The day my octi saved my life

Midships machine gun position, the start and finishing point of our dive. Photos Stuart Hofstetter.

Here in New Zealand the Octopus, octi, secondary, safe second or, as its more commonly known  here – that yellow thing that keeps leaking  – gets a bit of a bad rap.

They are often not installed on regulator sets initially to save money or removed down the line to reduce servicing costs. With justifications from “well it’s not going to save my butt” to “I only need to have that on there for Australian diving” (spat out with the venom that is reserved only for our western neighbours) they are unscrewed and left to gather dust in the back of a cupboard.

Now I could talk about incident report statistics, training agency recommendations or safe practice procedures but you’ve heard that all before. So I’ll tell you what happened to me.

 A couple of years ago, when I was working for an operator up north, I was guiding a dive on the wreck of the Canterbury in Deep Water Cove. Everything was proceeding as normal, following my usual track around the wreck, hitting each highlight right on time. No problems. Until I got to the telephone. As usual, I pulled it out of its box, dropped my regulator out of my mouth, made a mock call for the amusement of my group and replaced the phone. Then it came time to put my reg back in.

I put it in, gave a good blast from my lungs and tried to breathe in. Water. Out again, hit the purge button, air flows. I try breathing from it again, I get water, again. One last time. Purge works, but the reg won’t breathe. Finally I switch to my octi and we can carry on, back to the shot line and the surface.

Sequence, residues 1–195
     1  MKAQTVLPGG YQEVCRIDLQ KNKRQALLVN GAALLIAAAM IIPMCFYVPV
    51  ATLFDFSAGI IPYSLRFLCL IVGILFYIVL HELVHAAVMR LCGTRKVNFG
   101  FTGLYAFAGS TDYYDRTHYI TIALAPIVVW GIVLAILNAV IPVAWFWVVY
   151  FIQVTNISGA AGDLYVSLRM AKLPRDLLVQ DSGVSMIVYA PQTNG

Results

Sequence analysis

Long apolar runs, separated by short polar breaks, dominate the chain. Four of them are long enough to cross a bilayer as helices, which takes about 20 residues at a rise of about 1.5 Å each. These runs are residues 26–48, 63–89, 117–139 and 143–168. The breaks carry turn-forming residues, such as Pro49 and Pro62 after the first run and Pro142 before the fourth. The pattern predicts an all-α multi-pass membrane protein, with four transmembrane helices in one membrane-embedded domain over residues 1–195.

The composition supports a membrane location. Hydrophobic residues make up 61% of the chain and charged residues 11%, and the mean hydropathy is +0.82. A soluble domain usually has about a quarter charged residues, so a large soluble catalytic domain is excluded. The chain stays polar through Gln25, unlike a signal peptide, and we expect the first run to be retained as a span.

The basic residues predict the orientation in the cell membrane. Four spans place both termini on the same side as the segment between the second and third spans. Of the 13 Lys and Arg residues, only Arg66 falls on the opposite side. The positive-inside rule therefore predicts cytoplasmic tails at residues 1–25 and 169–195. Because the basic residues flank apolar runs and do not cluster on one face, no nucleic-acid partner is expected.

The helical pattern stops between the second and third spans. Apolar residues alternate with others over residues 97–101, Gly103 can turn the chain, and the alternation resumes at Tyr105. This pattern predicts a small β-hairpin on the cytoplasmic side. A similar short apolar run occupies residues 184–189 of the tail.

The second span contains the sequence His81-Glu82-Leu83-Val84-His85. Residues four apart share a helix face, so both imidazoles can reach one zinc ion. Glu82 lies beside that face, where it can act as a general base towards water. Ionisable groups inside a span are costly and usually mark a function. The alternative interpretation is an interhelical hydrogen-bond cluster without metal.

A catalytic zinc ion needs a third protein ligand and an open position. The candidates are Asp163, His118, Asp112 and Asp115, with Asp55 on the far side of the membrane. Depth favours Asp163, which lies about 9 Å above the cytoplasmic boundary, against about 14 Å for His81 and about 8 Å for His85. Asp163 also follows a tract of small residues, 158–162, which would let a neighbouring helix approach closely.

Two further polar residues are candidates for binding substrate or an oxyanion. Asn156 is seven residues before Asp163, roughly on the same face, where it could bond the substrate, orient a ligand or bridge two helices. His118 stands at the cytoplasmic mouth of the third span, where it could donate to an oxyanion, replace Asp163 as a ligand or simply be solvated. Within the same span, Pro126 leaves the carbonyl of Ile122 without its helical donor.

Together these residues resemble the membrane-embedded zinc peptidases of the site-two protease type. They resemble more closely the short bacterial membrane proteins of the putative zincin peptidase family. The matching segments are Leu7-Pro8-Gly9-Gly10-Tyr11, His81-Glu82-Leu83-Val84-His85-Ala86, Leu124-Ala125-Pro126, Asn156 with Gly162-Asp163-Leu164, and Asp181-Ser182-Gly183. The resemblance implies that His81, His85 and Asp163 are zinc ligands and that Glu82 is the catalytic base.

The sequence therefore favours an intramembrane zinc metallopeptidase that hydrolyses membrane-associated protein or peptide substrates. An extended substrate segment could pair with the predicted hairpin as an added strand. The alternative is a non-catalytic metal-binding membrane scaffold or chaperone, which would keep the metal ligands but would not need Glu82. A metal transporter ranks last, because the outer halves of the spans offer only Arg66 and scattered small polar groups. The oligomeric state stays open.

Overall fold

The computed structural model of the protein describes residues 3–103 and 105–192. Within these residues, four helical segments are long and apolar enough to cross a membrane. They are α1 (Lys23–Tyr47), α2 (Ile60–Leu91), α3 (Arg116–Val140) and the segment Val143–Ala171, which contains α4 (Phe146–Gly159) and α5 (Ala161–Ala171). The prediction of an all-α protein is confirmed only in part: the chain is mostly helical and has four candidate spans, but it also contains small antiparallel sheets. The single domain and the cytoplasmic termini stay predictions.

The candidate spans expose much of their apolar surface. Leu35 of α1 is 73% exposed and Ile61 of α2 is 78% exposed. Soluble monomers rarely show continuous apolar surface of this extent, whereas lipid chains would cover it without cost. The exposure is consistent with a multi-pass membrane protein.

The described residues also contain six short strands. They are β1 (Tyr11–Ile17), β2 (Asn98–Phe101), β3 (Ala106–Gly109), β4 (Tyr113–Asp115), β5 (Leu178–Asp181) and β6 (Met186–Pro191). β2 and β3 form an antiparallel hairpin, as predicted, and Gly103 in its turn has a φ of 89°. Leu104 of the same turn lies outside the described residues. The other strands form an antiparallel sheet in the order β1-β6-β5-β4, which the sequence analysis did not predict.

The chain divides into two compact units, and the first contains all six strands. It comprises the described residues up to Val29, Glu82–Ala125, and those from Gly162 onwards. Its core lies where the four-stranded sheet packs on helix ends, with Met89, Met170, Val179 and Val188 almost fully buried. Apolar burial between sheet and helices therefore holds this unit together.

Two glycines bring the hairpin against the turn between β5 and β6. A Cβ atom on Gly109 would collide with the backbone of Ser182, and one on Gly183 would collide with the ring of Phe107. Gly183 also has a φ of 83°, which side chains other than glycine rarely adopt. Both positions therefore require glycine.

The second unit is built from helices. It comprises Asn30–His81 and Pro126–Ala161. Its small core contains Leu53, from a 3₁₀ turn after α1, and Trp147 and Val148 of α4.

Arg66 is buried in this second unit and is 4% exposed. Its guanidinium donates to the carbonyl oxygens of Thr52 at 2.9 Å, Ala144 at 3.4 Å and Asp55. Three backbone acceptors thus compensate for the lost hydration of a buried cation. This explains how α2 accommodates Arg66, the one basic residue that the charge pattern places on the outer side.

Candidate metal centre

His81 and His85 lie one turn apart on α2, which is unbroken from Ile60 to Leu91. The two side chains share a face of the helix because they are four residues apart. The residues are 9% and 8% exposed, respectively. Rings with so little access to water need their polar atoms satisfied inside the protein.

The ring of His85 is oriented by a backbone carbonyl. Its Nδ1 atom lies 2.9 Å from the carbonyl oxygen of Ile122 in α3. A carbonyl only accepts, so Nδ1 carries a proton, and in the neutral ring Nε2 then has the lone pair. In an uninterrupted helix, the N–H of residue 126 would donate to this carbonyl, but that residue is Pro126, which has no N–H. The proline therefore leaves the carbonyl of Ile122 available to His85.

All this happened in less than 30 seconds. Having an octi provided me with an immediate resolution that kept me well within my safety margins and allowed me to return to the shot line and ascend safely, including a stop. Could I have swum to the surface, dumped my weights and floated up or buddy breathed off a single second stage? Perhaps. But all of those would have been more stressful, less controllable and push me closer to the chances of decompression illness and a much more serious incident.

My equipment was from a well known brand with an excellent reputation for reliability. It had been regularly serviced by approved technicians. Even then I still experienced a failure.

You don’t need an octi until you really need one. I hope you never do. But keep it on your gear – it could be the difference between you or your buddy making it home from a dive.


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